In "Echographies of Television," Stiegler begins by noting that Derrida, in agreeing to record their interview, asked for a "right of inspection". He asks Derrida why he did so, and what this would mean in the era of television and "teletechnologies". Derrida responds that if he did so, he did not imagine such a right would be effective, and that it is difficult for intellectuals to adapt to the conditions of television, even if they must also not cut themselves off from a public sphere dominated by that medium. It may be a matter not of fighting today against teletechnologies but rather so that they are able to make more room for different norms, those of intellectuals, artists, scientists, etc. Today the "right to inspection" belongs, more than to anyone else, to those who show, edit, store, interpret and exploit images.
Stiegler points out that we learn from reading Derrida himself that writing is already a kind of teletechnology, and he therefore asks Derrida about the specificity of these more contemporary teletechnologies, especially television. Rather than immediately answering the question directly, Derrida first states that the answer cannot be a matter of opposing contemporary prostheses to some prior epoch of immediate or natural speech. If there is a specificity of modern teletechnology, then it has something to do with the directness of "live" recording and transmission, and the speed with which what is recorded can be made to travel the farthest distances. Nevertheless, however, we must also recognise that even the most "live" broadcasts are produced.
Stiegler asks Derrida about his term, "artifactuality," which indicates that the construction of "actuality" passes through the artifact or the artificial, that it involves a selection. Stiegler suggests that what is important about this is not so much that reality is "artificially" constructed on the basis of a selection, but rather what matters are the criteria of selection. He therefore asks Derrida if the problem today is that the selection criteria are overdetermined by the "commercial character of industry," and thus if when Derrida speaks of a "politics of memory," he is talking about regulating the effects of market pressure on the construction of actuality. Derrida responds by indicating that the concept of the market is complicated: the market cannot be opposed to state practice, insofar as, for example, public television channels, as soon as they are in competition with private channels, must themselves "conquer the market," becoming concerned with ratings, etc. To address Stiegler's question would mean, Derrida says, knowing what one means by the market in a world in which there is an increasingly "globalised" circulation of televisual commodities.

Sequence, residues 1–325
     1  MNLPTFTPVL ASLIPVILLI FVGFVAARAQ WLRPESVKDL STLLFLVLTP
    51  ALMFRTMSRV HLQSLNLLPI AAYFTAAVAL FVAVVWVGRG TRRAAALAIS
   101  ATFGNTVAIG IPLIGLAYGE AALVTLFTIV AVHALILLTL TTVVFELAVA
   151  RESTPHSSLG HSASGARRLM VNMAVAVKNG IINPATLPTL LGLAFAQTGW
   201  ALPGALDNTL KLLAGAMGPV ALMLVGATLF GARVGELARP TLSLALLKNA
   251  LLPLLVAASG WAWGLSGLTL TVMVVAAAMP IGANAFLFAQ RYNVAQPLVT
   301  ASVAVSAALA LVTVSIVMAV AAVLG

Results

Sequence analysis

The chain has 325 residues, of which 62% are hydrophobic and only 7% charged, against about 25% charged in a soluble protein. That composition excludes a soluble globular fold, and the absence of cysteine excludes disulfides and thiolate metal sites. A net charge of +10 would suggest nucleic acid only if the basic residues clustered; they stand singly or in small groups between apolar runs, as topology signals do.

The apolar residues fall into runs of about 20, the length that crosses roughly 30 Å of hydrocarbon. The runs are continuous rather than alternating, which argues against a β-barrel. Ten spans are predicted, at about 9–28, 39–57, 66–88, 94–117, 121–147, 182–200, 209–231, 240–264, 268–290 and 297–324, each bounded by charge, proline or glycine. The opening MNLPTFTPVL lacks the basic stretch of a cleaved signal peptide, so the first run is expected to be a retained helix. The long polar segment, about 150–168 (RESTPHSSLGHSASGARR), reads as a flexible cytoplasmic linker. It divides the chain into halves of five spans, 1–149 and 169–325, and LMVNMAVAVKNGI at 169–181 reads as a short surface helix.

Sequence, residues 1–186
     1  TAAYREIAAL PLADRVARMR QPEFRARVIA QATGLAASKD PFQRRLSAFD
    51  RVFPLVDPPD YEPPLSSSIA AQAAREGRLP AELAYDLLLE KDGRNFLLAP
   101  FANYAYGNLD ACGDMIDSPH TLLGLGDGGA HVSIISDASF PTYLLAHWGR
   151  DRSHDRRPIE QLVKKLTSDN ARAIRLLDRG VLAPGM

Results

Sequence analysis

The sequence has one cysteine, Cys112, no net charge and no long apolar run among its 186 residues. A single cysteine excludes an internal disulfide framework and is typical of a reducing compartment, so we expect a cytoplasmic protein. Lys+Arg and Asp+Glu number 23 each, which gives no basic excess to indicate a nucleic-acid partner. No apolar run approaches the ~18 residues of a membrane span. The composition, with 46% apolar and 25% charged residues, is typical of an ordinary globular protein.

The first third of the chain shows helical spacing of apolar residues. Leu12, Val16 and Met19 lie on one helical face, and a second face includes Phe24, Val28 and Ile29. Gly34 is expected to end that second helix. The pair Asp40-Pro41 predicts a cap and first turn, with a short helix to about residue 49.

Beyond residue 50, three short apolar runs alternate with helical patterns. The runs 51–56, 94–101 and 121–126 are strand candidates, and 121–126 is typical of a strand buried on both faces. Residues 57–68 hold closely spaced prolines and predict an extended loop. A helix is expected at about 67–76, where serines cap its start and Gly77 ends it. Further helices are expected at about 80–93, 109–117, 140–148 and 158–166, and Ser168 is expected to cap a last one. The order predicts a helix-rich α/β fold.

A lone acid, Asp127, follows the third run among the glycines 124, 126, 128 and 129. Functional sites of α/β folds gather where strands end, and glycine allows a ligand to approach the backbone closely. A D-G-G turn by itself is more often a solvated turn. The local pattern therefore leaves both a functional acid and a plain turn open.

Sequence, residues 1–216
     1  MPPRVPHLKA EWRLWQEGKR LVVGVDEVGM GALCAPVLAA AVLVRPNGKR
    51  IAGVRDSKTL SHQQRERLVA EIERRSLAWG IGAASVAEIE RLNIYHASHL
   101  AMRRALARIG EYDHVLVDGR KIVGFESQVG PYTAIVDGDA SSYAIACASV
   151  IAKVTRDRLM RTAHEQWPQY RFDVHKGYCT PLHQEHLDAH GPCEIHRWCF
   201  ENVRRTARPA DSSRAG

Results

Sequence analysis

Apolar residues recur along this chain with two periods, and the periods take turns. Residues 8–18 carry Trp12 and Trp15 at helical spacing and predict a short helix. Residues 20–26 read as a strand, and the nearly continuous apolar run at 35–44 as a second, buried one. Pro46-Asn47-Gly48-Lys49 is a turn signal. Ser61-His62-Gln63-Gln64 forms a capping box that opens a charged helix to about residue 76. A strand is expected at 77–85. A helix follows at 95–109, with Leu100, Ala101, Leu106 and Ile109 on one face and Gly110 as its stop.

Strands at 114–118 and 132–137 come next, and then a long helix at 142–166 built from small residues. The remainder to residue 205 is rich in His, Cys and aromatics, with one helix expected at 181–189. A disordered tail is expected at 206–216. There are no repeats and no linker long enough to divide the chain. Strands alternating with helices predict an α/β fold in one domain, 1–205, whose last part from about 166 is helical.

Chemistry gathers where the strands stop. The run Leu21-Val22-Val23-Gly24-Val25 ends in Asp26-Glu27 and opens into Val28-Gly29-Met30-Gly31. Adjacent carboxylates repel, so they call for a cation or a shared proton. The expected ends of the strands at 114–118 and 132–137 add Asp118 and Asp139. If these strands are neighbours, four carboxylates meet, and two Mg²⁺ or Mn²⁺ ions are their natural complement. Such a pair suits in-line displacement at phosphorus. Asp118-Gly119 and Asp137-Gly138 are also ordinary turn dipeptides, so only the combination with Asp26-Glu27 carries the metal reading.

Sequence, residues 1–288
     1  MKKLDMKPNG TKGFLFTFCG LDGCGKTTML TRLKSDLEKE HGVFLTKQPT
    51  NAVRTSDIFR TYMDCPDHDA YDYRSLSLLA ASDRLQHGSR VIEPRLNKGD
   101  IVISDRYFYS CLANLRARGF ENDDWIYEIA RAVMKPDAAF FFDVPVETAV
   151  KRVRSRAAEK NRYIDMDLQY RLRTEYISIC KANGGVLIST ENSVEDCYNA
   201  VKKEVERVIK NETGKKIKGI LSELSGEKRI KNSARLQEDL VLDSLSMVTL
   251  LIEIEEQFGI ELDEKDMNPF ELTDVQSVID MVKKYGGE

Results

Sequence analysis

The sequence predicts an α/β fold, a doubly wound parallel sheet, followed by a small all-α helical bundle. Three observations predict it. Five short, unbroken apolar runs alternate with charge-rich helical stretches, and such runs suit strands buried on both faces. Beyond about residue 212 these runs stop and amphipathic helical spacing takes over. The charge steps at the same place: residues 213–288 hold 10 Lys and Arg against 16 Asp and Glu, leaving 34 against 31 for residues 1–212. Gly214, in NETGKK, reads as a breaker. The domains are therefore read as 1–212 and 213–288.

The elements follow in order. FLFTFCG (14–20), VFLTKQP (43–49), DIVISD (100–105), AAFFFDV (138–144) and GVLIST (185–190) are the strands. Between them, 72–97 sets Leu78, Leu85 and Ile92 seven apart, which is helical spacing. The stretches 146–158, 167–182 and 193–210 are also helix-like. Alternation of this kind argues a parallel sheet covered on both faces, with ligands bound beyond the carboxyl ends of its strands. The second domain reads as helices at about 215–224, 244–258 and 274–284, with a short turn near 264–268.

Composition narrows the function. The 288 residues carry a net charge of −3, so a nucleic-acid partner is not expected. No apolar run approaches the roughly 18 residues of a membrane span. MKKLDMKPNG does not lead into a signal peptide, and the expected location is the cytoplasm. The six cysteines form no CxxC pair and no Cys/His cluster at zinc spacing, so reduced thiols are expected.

The Discrete Image
"The Discrete Image" is an essay by Stiegler about the significance of the invention of digital photography and digital cinema. He begins by stating that "the image in general" does not exist. The mental image (the image I see in my mind) cannot be separated from the image-object (a painting, photograph, etc.), and the latter is always inscribed in a technical history. Just as Derrida showed that there is no transcendental signified (no meaning) which can be shown to precede its inscription in a signifier, so too there is no "transcendental imagery" which precedes the image-object. If the mental image and the image-object cannot be opposed, however, they are nevertheless different, first of all because the image-object lasts while the mental image is ephemeral. But if there has never been an image-object without a mental image, even so, there has never been a mental image which is not, in some way, the return of an image-object.